I am well acquainted with a Confederate captain now living in Richmond, a perfect Hercules in physique,who (if I remember rightly) weighted fifty pounds less upon leaving Johnson's Island than when he entered its prison walls. 

And now let me quote from "Land and Leute in den Vereinigten Staaten" (Leipzig,1886), a work by Ernst Honewart (possibly a pseudonym), a German who spent nearly thirty years in the United States, and who fought as an officer in the Northern army. I shall italicize certain important phrases:   "Much has been said of the cruel treatment of Northern soldiers in Southern prisons. Having myself been a prisoner in the South for more than thirteen months, and having been afterwards stationed with my regiment at a place where more than 25,000 Southern soldiers were confined, I think I have a right to an opinion as to the relative treatment of prisoners in the North and South. 

"It is true that the Southerners treated their prisoners much less well than the means to treat them better, and often, especially towards the end of the war, themselves suffered from want. 

"The South wished to permit the officers, according to European custom, to live in town on parole and half pay. I myself and other officers lived for some months in Raleigh, and were granted much freedom of movement, but the North treated Southern officers like common soldiers, and the South afterwards did the same.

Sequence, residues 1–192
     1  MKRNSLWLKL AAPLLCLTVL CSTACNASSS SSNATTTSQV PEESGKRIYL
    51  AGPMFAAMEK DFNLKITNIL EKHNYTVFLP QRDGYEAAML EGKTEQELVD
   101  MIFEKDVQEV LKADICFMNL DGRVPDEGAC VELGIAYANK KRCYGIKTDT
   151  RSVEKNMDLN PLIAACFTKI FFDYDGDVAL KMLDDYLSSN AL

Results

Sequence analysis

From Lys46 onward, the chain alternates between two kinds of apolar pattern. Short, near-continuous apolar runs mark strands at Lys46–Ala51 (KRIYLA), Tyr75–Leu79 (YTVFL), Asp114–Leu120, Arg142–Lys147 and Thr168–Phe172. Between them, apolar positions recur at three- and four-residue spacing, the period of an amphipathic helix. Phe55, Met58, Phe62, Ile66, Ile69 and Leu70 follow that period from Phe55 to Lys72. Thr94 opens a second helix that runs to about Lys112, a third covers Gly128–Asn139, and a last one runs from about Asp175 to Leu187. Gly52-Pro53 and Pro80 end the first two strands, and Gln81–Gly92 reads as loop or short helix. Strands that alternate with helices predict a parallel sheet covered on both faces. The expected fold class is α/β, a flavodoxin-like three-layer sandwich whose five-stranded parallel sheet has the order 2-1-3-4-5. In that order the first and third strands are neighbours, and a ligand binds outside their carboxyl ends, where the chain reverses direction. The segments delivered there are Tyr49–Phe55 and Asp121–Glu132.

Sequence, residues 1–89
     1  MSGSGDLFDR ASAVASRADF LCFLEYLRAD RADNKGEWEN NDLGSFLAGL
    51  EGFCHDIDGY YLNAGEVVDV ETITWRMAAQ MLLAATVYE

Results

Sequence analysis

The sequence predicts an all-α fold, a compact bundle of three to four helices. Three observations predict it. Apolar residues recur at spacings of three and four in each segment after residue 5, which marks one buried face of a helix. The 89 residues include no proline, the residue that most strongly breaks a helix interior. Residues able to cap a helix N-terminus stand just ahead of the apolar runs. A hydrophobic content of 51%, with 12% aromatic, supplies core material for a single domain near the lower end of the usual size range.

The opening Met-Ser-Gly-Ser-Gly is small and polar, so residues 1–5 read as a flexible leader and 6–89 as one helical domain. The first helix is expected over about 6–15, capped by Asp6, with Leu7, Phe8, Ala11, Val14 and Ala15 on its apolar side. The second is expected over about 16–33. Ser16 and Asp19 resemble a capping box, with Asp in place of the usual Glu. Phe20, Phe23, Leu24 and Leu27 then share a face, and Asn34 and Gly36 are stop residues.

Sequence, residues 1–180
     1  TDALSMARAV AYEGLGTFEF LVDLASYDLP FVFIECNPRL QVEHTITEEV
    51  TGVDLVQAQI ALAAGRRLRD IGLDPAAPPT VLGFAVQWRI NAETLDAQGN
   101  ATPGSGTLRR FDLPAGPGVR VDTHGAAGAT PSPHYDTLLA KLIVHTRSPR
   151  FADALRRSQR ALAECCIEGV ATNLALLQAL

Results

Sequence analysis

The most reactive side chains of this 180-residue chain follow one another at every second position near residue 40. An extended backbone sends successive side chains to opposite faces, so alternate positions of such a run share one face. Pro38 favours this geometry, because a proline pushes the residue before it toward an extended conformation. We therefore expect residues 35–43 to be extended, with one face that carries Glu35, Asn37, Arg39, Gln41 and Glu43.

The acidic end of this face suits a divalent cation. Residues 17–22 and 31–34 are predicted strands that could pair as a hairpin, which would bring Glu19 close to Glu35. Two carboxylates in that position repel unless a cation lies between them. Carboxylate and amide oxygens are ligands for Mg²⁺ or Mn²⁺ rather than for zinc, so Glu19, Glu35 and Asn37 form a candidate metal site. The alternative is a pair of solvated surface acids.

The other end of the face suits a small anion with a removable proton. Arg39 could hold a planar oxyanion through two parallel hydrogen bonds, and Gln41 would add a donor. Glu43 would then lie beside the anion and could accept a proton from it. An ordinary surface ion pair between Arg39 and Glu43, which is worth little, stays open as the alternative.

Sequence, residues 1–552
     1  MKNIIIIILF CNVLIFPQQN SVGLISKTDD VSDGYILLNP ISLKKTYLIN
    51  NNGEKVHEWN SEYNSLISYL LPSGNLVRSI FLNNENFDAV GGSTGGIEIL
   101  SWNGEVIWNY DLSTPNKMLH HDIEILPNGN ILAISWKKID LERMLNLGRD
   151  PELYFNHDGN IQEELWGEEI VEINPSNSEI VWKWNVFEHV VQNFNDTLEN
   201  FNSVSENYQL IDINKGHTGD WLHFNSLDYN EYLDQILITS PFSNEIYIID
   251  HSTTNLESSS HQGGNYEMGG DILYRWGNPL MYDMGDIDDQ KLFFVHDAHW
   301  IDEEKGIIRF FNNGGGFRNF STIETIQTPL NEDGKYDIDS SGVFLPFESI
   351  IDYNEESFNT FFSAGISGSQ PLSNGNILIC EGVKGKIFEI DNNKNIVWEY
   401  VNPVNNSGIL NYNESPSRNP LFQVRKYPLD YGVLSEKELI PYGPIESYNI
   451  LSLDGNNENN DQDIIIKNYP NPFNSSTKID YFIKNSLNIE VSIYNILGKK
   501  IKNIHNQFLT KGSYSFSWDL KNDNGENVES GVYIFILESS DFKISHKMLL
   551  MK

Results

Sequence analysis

So long as they were able they gave us good rations, afterwards very often spoilt bacon, cured with wood-ashes - they were short of salt - or beef cured with saltpetre, or fresh horse meat; a pound of bread a day being added, and sometimes a handful of beans or rice. During the winter we were unable to buy anything additional, but as soon as summer came, country people brought us provisions, which we were permitted to buy. The fare of our guards was not much better than our own. 

"Of intentional cruelty I saw nothing, but on the contrary, always found both officers and men very friendly and obliging, and most willing to alleviate our lot. When requested to bring us tobacco or other articles from town, they were always glad to do so, and I never heard of a single instance in which such a reguest was refused. 

"The horrors of Andersonville are not to be denied, but that was an exeption - the cruel policy adopted by the Southern government to compel the North to exchange prisoners, which the North refused to do," etc. 

Since writing the above I have seen another gentleman, who tells me that he knows a number of Confederates who "varied" their "abundant" diet at Johnson's Island with the flesh of rats, an article of food which was also enjoyed by the lieutenant whom I mentioned in the first part of my letter. 

R.H.DABNEY. 

University of Virginia, February 2,1890. 

The above letter, as you see, contains nothing polemical or one-sided on my part. I have, in fact, refrained from the expression of any opinion whatever, confining myself to quoting the opinions of others. The testimony is certainly worthy of notice, but The Nation wishes to supress it, and I, therefore, appeal to The Times for a hearing.* 

R.H.DABNEY.